Smart cities don’t get in the business of losing their franchises, because they spend the rest of eternity trying to get them back!  We’re somewhat lucky to be in Seattle, because we have a bigger market than most, so the NBA and the NHL would like to get into bed with us.  If you’re Kansas City or San Diego or Vancouver, you’re not quite as lucky.  You’re likely to spend a lot longer waiting than we will.

So, now we have this whole mess with Glendale and the Phoenix Coyotes.  Once again, Seattle is the Big, Bad Boogie Man, just like the deal with the Kings.  If I’m 100% honest, I have a little more confidence in the NHL getting here before the NBA, but I’m reluctant to jump right into this belief that the Coyotes are coming to town.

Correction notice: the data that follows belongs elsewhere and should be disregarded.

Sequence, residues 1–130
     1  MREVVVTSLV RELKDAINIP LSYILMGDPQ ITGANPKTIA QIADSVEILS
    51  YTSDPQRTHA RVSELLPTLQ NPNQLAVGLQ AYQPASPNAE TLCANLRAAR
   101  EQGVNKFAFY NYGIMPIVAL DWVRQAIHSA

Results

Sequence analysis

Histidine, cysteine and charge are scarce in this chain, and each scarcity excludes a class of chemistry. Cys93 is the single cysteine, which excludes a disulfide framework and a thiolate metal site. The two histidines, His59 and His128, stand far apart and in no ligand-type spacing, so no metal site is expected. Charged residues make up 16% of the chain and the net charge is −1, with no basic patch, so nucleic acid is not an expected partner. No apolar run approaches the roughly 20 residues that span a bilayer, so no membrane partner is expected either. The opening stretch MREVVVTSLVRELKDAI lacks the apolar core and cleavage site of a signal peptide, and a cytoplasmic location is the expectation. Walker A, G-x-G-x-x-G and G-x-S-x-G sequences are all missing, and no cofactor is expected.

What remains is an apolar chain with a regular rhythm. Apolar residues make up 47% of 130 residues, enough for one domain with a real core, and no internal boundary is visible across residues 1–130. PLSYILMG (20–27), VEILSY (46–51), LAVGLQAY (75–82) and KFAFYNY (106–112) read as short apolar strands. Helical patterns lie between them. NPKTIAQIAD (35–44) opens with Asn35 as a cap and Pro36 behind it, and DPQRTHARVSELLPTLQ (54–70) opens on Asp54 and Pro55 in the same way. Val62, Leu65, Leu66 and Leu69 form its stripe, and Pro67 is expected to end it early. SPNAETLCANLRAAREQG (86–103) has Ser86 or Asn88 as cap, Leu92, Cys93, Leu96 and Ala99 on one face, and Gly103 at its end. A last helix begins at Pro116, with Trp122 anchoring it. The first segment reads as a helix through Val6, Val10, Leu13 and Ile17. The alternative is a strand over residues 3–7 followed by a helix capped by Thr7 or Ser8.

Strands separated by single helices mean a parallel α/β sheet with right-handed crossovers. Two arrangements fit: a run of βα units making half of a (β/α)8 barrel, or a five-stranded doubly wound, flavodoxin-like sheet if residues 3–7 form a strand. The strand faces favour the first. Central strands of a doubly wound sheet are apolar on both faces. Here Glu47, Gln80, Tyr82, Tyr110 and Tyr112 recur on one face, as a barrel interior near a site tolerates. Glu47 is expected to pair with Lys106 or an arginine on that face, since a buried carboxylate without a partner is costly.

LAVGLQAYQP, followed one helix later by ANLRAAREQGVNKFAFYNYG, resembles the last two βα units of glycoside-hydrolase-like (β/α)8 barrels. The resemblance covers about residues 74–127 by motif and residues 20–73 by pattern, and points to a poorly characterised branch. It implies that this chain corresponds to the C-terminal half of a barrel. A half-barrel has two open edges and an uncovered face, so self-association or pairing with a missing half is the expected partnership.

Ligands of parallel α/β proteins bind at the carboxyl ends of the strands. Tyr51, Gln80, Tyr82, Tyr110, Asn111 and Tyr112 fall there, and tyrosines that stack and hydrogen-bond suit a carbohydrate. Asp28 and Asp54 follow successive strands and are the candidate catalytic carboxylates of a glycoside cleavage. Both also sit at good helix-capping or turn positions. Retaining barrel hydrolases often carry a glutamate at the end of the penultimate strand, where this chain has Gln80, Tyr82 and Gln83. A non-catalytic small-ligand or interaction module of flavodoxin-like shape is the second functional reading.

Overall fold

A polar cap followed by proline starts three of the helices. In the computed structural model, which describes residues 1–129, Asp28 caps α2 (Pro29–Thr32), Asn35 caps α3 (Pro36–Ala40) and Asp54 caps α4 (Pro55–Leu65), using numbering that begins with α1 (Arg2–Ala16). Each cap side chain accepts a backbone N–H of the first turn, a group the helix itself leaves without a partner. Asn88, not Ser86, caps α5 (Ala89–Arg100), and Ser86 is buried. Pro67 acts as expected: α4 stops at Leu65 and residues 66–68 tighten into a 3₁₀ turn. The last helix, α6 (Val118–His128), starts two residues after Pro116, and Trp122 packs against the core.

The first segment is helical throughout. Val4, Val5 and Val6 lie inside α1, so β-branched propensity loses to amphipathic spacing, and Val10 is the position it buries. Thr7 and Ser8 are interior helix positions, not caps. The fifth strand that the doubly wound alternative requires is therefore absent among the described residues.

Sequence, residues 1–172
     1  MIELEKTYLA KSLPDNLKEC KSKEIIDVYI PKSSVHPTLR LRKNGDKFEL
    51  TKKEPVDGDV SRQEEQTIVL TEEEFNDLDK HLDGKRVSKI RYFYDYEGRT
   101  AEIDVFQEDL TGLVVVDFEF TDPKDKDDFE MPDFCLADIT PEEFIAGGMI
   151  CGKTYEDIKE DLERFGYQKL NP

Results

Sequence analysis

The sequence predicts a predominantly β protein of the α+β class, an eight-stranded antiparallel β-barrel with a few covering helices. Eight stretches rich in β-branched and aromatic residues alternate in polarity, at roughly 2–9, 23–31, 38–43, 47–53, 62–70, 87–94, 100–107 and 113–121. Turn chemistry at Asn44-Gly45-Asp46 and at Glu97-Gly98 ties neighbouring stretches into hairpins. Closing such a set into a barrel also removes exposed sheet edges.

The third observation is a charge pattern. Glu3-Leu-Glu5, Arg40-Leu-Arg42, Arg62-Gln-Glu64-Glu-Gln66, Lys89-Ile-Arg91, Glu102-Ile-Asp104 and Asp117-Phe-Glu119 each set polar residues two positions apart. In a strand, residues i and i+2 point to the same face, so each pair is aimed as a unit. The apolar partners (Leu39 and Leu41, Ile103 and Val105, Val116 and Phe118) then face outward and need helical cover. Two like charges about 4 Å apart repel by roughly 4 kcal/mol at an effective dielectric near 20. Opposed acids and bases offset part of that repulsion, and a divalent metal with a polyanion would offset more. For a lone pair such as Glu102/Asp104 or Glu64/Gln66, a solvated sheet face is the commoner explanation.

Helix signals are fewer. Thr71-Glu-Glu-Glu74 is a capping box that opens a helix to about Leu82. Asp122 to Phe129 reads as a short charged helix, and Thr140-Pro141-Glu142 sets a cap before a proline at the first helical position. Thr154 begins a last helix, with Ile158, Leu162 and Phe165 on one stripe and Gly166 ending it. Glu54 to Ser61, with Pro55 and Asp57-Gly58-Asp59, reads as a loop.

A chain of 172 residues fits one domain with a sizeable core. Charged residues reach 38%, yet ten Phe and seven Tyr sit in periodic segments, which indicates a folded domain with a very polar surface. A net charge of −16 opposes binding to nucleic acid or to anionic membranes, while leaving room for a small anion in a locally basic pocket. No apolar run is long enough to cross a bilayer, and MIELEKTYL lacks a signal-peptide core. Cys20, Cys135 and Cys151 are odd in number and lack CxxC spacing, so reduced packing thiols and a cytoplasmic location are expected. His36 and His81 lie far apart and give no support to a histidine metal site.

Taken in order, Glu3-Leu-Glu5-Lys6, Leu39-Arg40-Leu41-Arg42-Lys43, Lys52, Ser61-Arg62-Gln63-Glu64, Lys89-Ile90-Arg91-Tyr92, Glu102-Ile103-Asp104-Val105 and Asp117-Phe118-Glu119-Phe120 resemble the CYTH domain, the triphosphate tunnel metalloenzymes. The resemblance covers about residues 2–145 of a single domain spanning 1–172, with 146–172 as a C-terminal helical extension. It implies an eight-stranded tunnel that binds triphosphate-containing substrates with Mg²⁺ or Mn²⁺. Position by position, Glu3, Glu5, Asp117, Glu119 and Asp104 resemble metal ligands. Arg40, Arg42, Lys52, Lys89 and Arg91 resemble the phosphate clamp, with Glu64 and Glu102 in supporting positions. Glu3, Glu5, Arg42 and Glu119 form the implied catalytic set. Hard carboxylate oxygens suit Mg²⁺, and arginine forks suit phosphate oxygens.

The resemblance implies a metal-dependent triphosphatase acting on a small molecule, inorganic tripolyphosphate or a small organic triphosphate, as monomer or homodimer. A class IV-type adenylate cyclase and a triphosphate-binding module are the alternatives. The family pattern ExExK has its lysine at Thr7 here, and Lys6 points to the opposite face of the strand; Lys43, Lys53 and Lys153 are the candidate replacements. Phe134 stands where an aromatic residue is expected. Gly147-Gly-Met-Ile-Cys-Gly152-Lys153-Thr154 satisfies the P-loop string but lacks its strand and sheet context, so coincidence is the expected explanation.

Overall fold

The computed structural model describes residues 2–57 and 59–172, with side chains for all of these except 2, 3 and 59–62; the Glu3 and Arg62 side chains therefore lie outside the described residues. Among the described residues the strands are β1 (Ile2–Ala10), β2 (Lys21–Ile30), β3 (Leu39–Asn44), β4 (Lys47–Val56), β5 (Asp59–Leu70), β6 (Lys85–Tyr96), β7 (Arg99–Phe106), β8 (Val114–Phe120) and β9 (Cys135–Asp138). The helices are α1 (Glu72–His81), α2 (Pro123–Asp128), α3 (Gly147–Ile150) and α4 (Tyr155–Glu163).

If Glendale is smart, they’ll figure out a way to keep their team, just like Sacramento was smart and kept their team.  If they flip off the NHL, then Seattle gets a new franchise and the Phoenix area waits about a hundred years before they get another taste of pro hockey.

A lot of people like to place the blame on the greedy-ass owners or the corrupt league commissioners.  But, when push comes to shove, what it really boils down to is the greedy-ass AND corrupt local politicians who are only in it for their own interests.  And, suffice it to say, their interests don’t coincide with sports leagues or the sports-loving common man.

But, just watch how fast they pull money out of their asses for another God damned art museum or classical music theater.

Let’s Go Silvertips!